What to eat? There's a lingering misconception that food in Cuba is nothing more than rice and beans. The very good news is that you can eat royally in Cuba without paying a king's ransom.

The best meals I have are seafood feasts with unlimited lobster in casa particulares.

Politics is everywhere in Cuba. It's not a topic that's swept under the carpet, or kept hidden from tourists. People are happy to speak about Fidel and of course, the symbol of revolution, Che Guevera.

It's important to talk, I think - to learn how Cubans feel about their unique social and economic structure. And it's important to confront the American situation too.

Caribbean beach with palms, paradise island

Caribbean coast, Cuba.

To stand on a hilltop viewing platform looking over at Guantanamo, where there is no sign of Cuba's only branch of McDonalds, you observe in slightly horrified awe this fully functional city complete with schools and hospitals and weekend resort facilities. Travelling around Cuba is like travelling through worlds. The old elegance of Trinidad, the historical preserve of Santa Clara, the utter uniqueness of Baracoa - which may be far away, but it is definitely worth the journey.

This little city is Cuba's oldest and one of its most beautiful, not to mention the ancient caves you can explore along its ragged coast.

Then there is the intriguing - almost feralness - of Santiago de Cuba, which is a little Jamaica, a little Haiti.

I arrive there at night with ears ringing from warnings about crime and cholera. Santiago plays by its own rules, but I experience no crime and no cholera. I do experience a very long power-cut, however - something rather frequent in Cuba. I am at dinner in a casa particular in downtown Santiago when the whole city goes black, for hours.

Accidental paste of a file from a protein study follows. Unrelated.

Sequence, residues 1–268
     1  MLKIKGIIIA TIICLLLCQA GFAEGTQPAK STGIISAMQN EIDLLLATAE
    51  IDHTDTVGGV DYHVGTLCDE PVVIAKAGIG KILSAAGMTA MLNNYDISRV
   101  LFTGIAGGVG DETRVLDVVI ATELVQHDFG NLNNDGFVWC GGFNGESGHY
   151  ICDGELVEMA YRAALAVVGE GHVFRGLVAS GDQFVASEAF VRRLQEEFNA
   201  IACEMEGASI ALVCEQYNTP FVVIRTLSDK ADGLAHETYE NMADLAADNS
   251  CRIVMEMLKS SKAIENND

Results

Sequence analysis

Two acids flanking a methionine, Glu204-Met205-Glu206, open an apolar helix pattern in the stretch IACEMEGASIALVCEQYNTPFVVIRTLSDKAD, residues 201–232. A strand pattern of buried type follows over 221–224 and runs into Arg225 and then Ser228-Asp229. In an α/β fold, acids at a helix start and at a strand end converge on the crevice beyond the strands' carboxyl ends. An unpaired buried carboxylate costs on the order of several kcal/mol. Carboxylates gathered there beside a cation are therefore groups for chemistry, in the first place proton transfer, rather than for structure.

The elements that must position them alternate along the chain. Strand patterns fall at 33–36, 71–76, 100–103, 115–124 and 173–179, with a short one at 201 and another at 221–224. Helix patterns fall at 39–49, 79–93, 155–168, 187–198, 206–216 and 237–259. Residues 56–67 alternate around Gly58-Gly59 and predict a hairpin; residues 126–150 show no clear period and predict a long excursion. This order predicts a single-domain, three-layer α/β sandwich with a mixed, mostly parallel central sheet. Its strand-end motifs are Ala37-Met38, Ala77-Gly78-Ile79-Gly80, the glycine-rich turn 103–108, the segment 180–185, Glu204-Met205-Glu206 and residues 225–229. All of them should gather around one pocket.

It doesn't take long before I'm dancing again, mind you. In Cuba, it never does.

I gatecrash a senior citizens' Sunday afternoon salsa party, and am pulled up to dance by a string of snake-hipped ancient men. I drink mojitos on rooftops. I accept flowers from chancers. I play chess on a corner. I jump like a child into waterfalls and float in caves with bats fluttering. I dance quite unselfconsciously.

Cuba is a hot, sexy country.

Cuba is calling...

Cuba calling...

What to pack

Cuba has most things but it doesn't have well stocked pharmacies, so bring your own medicines. Also pack dancing shoes. Music is this country's backbone and your holiday will be wonderfully enhanced if you take a class and salsa and rumba with the best of them.

Get there

I travelled on Intrepid Travel's 15-day Best of Cuba trip. Prices start from £1,185/€1,507pp, including homestays and hotels, selected meals, transport and a local guide. Intrepid also has an 8-day Express Cuba trip from £665/€846pp. There are no direct flights from Ireland, but there are from European airports including Paris and Amsterdam.

Where to stay

Forget about hotels unless you go 5-star - Cuba's best accommodation solution is to stay with the locals. Casas particulares are a bit like our B&Bs, with added benefits such as central locations, lavish breakfasts and the benefit of having a very real experience - you'll often be invited to watch TV with the family!

Book the best value packages to Cuba at